Twitter Link Roundup #237 – Small Business, Startups, Innovation, Social Media, Design, Marketing and More Ross | October 3rd, 2014

john-malkovich-iconic-portraits-recreations-sandro-miller-2

Every day on the crowdSPRING Twitter account and on my own Twitter account, I post links to posts or videos I enjoyed reading or viewing. These posts and videos are about logo design, web design, startups, entrepreneurship, small business, leadership, social media, marketing, and more! Here are some of the links that I’ve liked and shared this past week!

If you didn’t already love John Malkovich, you will once you see his phenomenal collaboration with photographer Sandro Miller, recreating some of the most famous photos in history. The image above is one of a number of fun images from their collaboration.

smallbusinessblog

These 44 Apps Will Make Entrepreneurs and Small Business Owners More Productive – crowdspring.co/YGV8Dp

How Color Influences What People Buy – crowdspring.co/YMyCJf

Empower Your Small Business, brand NEW issue of @crowdSPRING‘s SmallBiz newsletter  – crowdspring.co/1mRxdfq

Small Business and Startups: The Elements of Good Advice – crowdspring.co/1pC51rT

9 Tools to Help Fix the Customer Experience Gap – crowdspring.co/1n6IdGv

How to Plan the Perfect Offsite: 8 Tips (from Jayna Cooke) – crowdspring.co/1nMzHMU

7 Tips for Getting Useful Customer Feedback – crowdspring.co/1na6mf3

12 Tips For Drafting Your First Employee Agreement – crowdspring.co/1my8EEc

startupsblog

How top startups pay designers | Google Ventures – crowdspring.co/1pv7S5U

These 44 Apps Will Make Entrepreneurs and Small Business Owners More Productive – crowdspring.co/YGV8Dp

How Color Influences What People Buy – crowdspring.co/YMyCJf

How to Plan the Perfect Offsite: 8 Tips (from Jayna Cooke) – crowdspring.co/1nMzHMU

7 Harsh Realities about Startup Accelerators – crowdspring.co/1ruQ8ya

Before the Startup – crowdspring.co/1rGYDDQ

5 basic legal considerations for startups | Chicago Tribune – crowdspring.co/1na3gI5

David vs. Goliath: Lean Startup Advantages | OpenView Blog – crowdspring.co/1x2JFtG

10 Top Financial Tips for Early-Stage Startups | StartupCollective – crowdspring.co/1qWvaC4

7 Tips for Getting Useful Customer Feedback – crowdspring.co/1na6mf3

Want To Be A Great Leader? Start Acting Weirder – crowdspring.co/1BAx5Tb

Startup Best Practices: Structuring One on Ones to Maximize Your Team’s Success – crowdspring.co/1pwi7a0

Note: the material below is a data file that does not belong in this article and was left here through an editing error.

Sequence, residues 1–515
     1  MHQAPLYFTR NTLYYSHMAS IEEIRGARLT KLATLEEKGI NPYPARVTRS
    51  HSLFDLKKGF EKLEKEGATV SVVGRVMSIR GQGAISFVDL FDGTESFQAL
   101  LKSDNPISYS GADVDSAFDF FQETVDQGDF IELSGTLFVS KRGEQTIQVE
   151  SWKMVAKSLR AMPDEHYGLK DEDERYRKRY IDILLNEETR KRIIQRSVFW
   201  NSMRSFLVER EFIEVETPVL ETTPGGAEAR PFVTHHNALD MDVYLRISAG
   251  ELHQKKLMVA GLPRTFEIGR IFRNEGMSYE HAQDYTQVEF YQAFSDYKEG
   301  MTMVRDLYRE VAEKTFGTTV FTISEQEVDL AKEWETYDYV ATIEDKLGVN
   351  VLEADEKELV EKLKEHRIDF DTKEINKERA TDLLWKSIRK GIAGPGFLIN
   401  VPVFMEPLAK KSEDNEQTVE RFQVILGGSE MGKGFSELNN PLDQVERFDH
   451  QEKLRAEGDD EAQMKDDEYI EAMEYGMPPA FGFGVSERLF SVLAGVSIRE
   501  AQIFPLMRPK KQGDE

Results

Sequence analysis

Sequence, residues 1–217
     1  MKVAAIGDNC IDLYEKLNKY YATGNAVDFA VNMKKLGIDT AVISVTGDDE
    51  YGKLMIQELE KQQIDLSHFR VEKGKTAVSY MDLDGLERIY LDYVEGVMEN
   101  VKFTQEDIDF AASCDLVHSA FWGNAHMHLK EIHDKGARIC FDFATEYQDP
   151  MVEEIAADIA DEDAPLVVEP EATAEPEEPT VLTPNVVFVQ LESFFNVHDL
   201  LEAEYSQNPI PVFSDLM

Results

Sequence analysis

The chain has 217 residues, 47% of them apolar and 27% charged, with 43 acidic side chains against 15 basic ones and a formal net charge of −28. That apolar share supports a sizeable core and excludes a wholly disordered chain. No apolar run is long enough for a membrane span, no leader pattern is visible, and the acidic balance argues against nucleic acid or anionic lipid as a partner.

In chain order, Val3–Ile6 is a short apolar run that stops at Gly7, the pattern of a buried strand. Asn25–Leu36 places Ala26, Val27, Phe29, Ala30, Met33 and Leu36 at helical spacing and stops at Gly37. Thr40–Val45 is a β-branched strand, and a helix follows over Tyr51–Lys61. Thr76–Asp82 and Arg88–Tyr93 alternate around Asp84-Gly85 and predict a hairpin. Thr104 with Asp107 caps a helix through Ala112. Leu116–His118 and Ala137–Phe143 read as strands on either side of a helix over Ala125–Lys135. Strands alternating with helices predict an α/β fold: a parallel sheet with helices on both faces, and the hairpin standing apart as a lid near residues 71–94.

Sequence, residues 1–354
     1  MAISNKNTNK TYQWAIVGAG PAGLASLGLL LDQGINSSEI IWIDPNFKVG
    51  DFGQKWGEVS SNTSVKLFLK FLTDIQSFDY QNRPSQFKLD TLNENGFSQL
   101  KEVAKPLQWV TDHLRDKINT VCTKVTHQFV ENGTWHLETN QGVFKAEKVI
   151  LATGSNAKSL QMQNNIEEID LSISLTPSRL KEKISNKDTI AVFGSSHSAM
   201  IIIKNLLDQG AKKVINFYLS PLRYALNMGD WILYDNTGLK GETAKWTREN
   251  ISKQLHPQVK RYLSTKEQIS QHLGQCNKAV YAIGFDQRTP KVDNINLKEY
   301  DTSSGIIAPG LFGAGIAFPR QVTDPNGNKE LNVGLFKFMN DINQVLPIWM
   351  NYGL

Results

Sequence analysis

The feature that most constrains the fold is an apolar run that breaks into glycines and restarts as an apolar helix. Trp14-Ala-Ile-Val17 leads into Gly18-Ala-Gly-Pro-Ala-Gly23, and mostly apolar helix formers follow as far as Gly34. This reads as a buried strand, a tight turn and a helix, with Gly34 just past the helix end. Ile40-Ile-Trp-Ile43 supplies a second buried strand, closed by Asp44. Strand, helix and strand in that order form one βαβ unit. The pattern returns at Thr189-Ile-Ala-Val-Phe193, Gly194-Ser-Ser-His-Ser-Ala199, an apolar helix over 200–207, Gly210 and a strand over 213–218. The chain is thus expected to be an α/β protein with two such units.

12 Tips For Drafting Your First Employee Agreement – crowdspring.co/1my8EEc

Why startups fail, according to their founders – crowdspring.co/1roF9DZ

9 Books Every Entrepreneur Should Read – crowdspring.co/1uMBxvF

9 Tools to Help Fix the Customer Experience Gap – crowdspring.co/1n6IdGv

Startup Misconceptions: You Should Never Tell Anyone Your Startup Idea – crowdspring.co/1nD4wDJ

Good questions entrepreneurs should ask VCs … The Open VC | TechCrunch – crowdspring.co/1qQ04Mx

Alibaba Could Buy Yahoo for Free – crowdspring.co/1uLjzcW

Good explanation on why it’s tough for most VCs to generate good returns – crowdspring.co/1pvakct

Why Founders Shouldn’t Delegate Support Too Early – crowdspring.co/1rNFrpz

You’re probably calculating your SaaS MRR incorrectly. Here’s why – crowdspring.co/1na2fzV

Small Business and Startups: The Elements of Good Advice | crowdSPRING Blog – crowdspring.co/1pC51rT

“Brand equity is important because it can become a significant part of a company’s value.” – crowdspring.co/1nMQVKg

Finding Alibaba: How Jerry Yang Made The Most Lucrative Bet In Silicon Valley History – crowdspring.co/1vw48WF

If You Completely Ignored Your Goals and Focused on This One Thing Would You Get Better Results? – crowdspring.co/1nO2pxb

socialmediablog

How to Provoke Users’ Emotions and Actions with Your Website? | InstantShift – crowdspring.co/1DBogMA

How Color Influences What People Buy – crowdspring.co/YMyCJf

Lookalike audiences: the next big thing in marketing? | Econsultancy – crowdspring.co/1naeoEL

“Brand equity is important because it can become a significant part of a company’s value.” – crowdspring.co/1nMQVKg

“the presence of ads on a search results page caused the organic CTR of the first position to drop by 30%” – crowdspring.co/1nO4clS

Let’s Make a Promo (creating videos of app tutorials) – crowdspring.co/1oBRcdM

The Ad Contrarian: 5 Good Reasons To Ignore Millennials – crowdspring.co/YEXdQf

Could Friday be the Best Day to Publish Your Tech Startup’s Press Release? – crowdspring.co/1qPCsY8

Why Your Agency Should Stop Pitching — Now -crowdspring.co/1nCAtMs

Crowdsourcing: the great advertising agency debate – crowdspring.co/1BeP9SE

designblog

How top startups pay designers | Google Ventures – crowdspring.co/1pv7S5U

Fan Geoff Case Designs New Dallas Mavs Alternate Team Jersey – crowdspring.co/1pv5Mnw

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How Color Influences What People Buy Ross | October 1st, 2014

psychology-color

When you designed your logo, website, business cards, marketing materials and your products, you probably spent some time picking colors. But did you know that color has a big impact on what people buy?

Studies show that up to 90% of judgments about products can be based on color alone. Consumers place color above other factors such as sound, smell and texture. That’s because even if they’re not consciously thinking about it, people associate color with different things and feelings.

Although I generally believe that color preferences are determined by experience, marketers can reach broader, general conclusions when it comes to color. Specifically, when it comes to branding, the relationship between brands and color depends on whether the color fits what is being sold.

Here’s a very useful infographic from WebpageFX that covers some of the most important information you should know about color and how color influences what people buy.

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Fresh from the SPRING: StudioZ Audree | October 1st, 2014